Proteins associated with primary cilia and basal bodies mediate numerous signaling pathways, but little is known about their role in Notch signaling. Here, we report that loss of the Bardet-Biedl syndrome proteins BBS1 or BBS4 produces increased Notch-directed transcription in a zebrafish reporter line and in human cell lines. Pathway overactivation is accompanied by reduced localization of Notch receptor at both the plasma membrane and the cilium. In Drosophila mutants, overactivation of Notch can result from receptor accumulation in endosomes, and recent studies implicate ciliary proteins in endosomal trafficking, suggesting a possible mechanism by which overactivation occurs in BBS mutants. Consistent with this, we observe genetic interaction of BBS1 and BBS4 with the endosomal sorting complexes required for transport (ESCRT) gene TSG101 and accumulation of receptor in late endosomes, reduced endosomal recycling and reduced receptor degradation in lysosomes. We observe similar defects with disruption of BBS3. Loss of another basal body protein, ALMS1, also enhances Notch activation and the accumulation of receptor in late endosomes, but does not disrupt recycling. These findings suggest a role for these proteins in the regulation of Notch through endosomal trafficking of the receptor.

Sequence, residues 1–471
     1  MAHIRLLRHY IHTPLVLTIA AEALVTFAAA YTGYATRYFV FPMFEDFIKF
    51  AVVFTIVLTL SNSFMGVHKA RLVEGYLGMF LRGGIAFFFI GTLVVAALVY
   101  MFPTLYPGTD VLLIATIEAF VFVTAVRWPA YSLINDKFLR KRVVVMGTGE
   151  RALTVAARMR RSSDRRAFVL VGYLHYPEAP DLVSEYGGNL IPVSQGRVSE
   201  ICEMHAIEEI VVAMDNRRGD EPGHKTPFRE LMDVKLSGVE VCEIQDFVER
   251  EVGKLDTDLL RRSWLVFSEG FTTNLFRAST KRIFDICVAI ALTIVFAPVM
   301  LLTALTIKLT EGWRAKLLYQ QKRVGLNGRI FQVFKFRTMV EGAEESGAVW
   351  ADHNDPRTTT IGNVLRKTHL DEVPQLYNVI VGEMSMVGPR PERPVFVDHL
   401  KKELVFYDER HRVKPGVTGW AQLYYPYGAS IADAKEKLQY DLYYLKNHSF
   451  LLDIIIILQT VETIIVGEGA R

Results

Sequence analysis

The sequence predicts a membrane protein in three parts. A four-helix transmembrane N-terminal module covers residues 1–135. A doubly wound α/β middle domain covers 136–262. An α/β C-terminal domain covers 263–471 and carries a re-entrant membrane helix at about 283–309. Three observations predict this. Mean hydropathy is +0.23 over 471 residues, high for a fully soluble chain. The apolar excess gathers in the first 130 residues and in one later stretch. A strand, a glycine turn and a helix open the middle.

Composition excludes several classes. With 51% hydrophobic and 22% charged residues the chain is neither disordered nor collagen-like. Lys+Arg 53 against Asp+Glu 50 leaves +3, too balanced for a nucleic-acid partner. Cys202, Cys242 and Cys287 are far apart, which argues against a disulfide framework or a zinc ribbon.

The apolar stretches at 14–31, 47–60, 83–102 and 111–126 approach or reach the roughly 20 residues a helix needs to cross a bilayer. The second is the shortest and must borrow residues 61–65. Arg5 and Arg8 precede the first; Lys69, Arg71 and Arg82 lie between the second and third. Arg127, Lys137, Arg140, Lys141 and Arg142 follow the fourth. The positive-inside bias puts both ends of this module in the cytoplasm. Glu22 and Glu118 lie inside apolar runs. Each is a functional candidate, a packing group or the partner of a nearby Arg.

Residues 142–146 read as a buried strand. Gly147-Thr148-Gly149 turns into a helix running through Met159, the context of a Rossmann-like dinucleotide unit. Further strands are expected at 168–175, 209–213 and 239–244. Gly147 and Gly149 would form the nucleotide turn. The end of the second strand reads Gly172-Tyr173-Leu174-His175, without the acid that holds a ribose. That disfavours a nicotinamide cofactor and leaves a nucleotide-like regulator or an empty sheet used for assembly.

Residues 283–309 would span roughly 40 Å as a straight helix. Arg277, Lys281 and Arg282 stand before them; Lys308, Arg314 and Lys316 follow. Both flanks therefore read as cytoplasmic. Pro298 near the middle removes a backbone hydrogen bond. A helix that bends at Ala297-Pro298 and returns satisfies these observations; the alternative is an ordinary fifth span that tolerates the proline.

The authors declare no competing interests.
C.C.L., S.L., V.P.E. carried out all experiments and analyzed data. S.L. created the model. J.L.B. and N.A.Z. conceived of experiments and analyzed data. N.A.Z. wrote the paper.
This work was funded by a grant from the National Institutes of Health (National Institute of Diabetes and Digestive and Kidney Diseases) [grant number K01DK092402 to N.A.Z.]; a grant from the Programa de Desarrollo de las Ciencias Básicas to J.L.B.; and by a grant from the Agencia Nacional de Investigación e Innovación, Uruguay to J.L.B. Deposited in PMC for release after 12 months.
Supplementary material available online at http://jcs.biologists.org/lookup/suppl/doi:10.1242/jcs.130344/-/DC1
- Received March 4, 2013.
- Accepted March 17, 2014.
- © 2014. Published by The Company of Biologists Ltd